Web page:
This case is helpful to employers who may have concerns regarding the way in which their restrictive covenants are drafted. However, if the covenant had been drafted clearly and narrowly in the first place then there would likely have been no need for litigation at all. Employers should regularly review any restrictive covenants in their employment contracts. They should consider what business interest they are seeking to protect and, with that in mind, make sure that the clauses are clearly drafted, do not cover areas which neither party would expect them to cover, and are constructed as narrowly as possible to provide the necessary protection.
- Restrictive covenants can be enforceable even if they cover areas which are “fantastical”.
- Statutory redundancy pay – some points that the online calculator doesn’t tell you.
- Claims for unlawful deductions from wages require there to be an identifiable sum which is due.
- Primary claim fails but be aware of possible victimisation claims.
- 3rd Party harassment – under threat?
- National Minimum Wage and term-time working.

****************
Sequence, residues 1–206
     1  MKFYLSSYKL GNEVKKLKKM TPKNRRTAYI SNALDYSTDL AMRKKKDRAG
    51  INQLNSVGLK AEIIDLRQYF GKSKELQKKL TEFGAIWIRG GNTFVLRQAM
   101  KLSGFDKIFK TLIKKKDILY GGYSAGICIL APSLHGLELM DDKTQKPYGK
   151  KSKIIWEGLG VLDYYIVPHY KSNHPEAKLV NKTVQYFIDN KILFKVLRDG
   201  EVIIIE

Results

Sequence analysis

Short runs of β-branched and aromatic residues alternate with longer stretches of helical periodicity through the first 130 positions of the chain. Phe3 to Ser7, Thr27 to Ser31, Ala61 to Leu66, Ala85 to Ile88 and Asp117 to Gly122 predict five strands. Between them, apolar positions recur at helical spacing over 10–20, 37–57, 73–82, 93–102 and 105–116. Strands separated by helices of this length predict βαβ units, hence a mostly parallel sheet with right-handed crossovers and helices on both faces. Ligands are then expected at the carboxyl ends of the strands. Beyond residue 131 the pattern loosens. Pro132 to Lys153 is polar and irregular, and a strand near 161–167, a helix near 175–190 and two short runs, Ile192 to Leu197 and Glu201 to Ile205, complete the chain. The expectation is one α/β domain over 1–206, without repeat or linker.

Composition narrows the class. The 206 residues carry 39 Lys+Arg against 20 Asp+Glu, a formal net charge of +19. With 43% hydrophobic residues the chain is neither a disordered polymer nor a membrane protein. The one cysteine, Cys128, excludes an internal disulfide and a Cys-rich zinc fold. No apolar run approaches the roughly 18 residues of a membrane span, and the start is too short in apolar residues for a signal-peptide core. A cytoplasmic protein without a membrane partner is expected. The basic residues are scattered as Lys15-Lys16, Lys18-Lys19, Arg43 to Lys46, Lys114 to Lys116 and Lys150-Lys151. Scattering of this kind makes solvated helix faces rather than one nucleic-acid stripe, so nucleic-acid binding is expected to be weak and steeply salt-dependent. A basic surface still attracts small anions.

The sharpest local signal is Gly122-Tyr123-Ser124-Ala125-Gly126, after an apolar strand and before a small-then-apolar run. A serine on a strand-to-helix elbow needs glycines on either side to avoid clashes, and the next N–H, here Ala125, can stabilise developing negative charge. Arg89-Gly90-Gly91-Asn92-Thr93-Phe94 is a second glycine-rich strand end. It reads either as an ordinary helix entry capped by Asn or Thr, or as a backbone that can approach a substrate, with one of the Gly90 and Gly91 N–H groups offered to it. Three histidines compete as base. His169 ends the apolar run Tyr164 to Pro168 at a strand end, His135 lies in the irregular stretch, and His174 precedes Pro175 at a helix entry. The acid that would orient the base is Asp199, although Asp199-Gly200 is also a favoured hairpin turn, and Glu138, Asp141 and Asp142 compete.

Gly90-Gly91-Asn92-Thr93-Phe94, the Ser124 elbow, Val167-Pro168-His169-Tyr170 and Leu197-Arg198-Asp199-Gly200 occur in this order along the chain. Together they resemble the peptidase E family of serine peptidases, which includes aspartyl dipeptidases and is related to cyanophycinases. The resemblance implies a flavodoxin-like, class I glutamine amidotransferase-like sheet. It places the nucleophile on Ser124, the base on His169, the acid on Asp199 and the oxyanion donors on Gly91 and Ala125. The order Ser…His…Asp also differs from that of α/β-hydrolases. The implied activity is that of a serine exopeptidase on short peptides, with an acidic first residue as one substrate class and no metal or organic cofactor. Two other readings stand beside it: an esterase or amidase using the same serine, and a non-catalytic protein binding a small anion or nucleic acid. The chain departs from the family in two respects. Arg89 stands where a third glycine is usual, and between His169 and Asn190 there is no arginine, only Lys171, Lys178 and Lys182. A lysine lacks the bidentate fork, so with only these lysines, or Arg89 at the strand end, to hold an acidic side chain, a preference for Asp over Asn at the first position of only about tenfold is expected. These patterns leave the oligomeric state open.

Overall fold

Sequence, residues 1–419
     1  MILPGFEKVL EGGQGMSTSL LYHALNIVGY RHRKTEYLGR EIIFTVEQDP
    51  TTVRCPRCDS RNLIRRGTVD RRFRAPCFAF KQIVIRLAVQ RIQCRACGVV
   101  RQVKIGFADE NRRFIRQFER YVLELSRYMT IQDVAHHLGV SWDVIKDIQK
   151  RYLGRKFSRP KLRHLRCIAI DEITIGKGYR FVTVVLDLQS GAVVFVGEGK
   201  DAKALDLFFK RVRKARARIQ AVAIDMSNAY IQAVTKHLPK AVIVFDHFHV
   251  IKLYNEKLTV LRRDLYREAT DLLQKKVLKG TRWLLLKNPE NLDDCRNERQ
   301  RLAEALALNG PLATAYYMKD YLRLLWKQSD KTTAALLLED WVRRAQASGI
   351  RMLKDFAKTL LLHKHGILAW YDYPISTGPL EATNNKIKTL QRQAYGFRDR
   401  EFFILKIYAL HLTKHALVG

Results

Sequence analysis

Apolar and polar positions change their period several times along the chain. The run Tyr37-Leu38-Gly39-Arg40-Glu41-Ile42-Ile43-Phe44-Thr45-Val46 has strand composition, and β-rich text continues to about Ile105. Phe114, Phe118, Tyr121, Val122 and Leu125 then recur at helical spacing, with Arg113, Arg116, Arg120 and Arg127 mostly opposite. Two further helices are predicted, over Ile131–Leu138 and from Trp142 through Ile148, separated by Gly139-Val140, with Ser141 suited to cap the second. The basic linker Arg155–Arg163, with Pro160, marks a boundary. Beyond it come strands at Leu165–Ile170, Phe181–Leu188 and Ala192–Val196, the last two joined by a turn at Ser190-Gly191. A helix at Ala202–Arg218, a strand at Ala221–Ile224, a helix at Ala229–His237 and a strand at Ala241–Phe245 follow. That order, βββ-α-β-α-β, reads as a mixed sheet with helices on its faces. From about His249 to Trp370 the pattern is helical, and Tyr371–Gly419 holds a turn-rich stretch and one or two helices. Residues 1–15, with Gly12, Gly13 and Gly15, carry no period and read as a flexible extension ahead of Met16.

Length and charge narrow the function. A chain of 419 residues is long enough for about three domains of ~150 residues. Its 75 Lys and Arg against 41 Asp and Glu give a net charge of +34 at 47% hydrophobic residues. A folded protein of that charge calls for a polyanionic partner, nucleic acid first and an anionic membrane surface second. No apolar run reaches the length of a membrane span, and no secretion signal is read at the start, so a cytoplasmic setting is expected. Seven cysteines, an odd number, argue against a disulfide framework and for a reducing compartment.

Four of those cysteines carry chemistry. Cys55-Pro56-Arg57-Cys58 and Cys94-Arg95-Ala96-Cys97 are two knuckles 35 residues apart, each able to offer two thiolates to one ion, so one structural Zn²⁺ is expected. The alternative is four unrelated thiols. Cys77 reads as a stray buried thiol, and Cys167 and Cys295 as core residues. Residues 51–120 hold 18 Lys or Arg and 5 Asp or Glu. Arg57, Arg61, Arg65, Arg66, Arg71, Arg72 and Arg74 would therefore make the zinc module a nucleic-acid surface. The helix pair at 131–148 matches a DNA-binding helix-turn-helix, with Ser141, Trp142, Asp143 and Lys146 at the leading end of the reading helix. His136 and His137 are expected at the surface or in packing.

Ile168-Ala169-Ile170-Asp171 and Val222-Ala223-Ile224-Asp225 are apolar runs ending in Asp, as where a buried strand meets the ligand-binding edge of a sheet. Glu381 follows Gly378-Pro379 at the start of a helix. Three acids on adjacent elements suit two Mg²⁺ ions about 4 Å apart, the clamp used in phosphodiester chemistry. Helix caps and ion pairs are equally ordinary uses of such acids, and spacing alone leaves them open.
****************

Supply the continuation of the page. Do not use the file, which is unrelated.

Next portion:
- The new proposed positive duty to prevent sexual harassment.
- Online retailer fails in their attempt to strike out claims of worker/employee status by delivery drivers.
- Resignations in the ‘heat of the moment’.
- Laughing at an employee who fell over was not found to be harassment.
The statutory redundancy ready reckoner (www.gov.uk/calculate-your-redundancy-pay) is very useful for employers and employees alike when calculating redundancy pay. There are, however, a few pointers that are worth considering when you are making your calculations:
- The statutory minimum notice period is relevant. This is the minimum amount of notice employees are entitled to receive as a matter of law. The employer generally has to give one week’s notice for each year of employment up to a maximum of 12 weeks after 12 years.
- If you make an employee redundant and pay them in lieu of notice then they can add on what would have been their statutory minimum notice period to the length of service used to calculate their redundancy pay. If this period of time would mean that they would tip over to an additional year of employment then this needs to be taken into account when looking at the redundancy payment due.
- In a similar way, if you are paying in lieu of notice you also need to take account of any birthdays which might take place between the date of redundancy and the date when the employee’s statutory notice entitlement would have expired. The relevant age to input into the redundancy calculator would be the higher age which would have been reached by the end of the statutory minimum notice period.